Under virtually most job descriptions, a common core requirement is that the candidate possesses strong verbal communication skills. Under this umbrella falls public speaking. Traditionally, one might not think of dentists as professionals who should focus on this particular skill. Still, in the medical professional world, fine-tuning one’s public speaking abilities can allot for countless benefits—even the American Dental Association says so. Here are some reasons you’ll want to work toward improving these skills.
For one thing, don’t underestimate the importance of first impressions, especially in a medical setting. The first appointment with a new patient is like an intimate interview. The patient is scoping you out to determine if he or she will want to invest money and trust in you for the long haul. The relationship between dentist and patient is extremely personal. Trusting a dentist or doctor with your body is a significant undertaking, as well as financial expense, so you want to sell yourself as effectively as possible. This can be done through your public speaking skills. Improving your general speaking skills will help you better speak your truth. By being comfortable in your own skin, you will win the trust of your patients and establish a healthy relationship. This trust will help set the tone for your practice with things like referrals, frequency of visits, etc.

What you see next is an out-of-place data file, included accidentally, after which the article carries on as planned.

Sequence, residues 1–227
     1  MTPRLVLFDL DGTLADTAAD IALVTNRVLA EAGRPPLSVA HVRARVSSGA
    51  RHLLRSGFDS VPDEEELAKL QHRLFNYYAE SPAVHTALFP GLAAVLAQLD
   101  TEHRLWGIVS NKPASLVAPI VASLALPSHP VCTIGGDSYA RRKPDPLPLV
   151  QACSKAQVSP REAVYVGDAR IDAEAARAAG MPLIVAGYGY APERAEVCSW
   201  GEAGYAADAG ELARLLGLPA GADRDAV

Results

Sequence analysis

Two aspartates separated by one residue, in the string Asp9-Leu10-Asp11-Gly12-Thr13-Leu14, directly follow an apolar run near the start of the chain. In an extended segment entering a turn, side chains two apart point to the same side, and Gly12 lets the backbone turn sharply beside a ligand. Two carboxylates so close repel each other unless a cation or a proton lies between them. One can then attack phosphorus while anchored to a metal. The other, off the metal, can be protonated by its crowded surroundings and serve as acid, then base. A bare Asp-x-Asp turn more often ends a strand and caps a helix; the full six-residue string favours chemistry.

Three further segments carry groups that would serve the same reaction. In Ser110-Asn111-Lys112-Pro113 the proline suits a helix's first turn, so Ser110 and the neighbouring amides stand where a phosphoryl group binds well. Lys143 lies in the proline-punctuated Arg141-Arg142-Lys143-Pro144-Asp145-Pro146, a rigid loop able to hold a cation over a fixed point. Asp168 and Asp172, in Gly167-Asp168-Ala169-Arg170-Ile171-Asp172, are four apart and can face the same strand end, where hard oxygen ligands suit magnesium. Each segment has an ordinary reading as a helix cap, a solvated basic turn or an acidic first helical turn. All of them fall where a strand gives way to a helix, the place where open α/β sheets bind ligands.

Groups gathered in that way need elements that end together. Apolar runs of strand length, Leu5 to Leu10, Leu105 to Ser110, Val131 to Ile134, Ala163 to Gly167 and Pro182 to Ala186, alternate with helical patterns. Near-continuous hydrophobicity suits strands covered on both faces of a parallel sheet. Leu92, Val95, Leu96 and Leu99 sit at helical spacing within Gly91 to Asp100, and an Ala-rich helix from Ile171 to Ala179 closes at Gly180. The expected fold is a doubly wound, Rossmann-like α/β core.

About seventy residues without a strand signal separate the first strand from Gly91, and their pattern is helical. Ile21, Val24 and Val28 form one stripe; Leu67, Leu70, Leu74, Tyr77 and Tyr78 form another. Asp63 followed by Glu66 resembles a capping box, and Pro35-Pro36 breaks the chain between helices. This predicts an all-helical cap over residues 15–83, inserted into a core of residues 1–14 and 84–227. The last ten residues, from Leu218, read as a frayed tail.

The key to effective public speaking is speaking with knowledge, but above all, with confidence and compassion. If you appear confident, your patients will naturally feel confident in your expertise. If you come across as compassionate, they will feel as though you have their best interest at heart as well. Part of effective public speaking is rooted in empathy. Being able to validate your patients’ concerns and problems, combined with reassuring them on your solution, builds credibility like no other. Patients value the feeling of their dentist being patient-centric and approachable, as someone to confide in.
Communication is not solely rooted in verbal speech, but also primarily executed through nonverbal channels like body language. Engage with your patients by orienting your body, so it is faced directly towards them, leaning forward. Naturally, humans establish closer connections and trust through this simple technique.
At the end of the day, you want to conduct yourself in a way that makes you the best candidate for your patient’s dentist of choice. However, do everything in your power to avoid sounding sales-pitchy. Be informative, understanding, honest, and confident, but be a fellow human being as well, and you can guarantee positive relationships with your patients.
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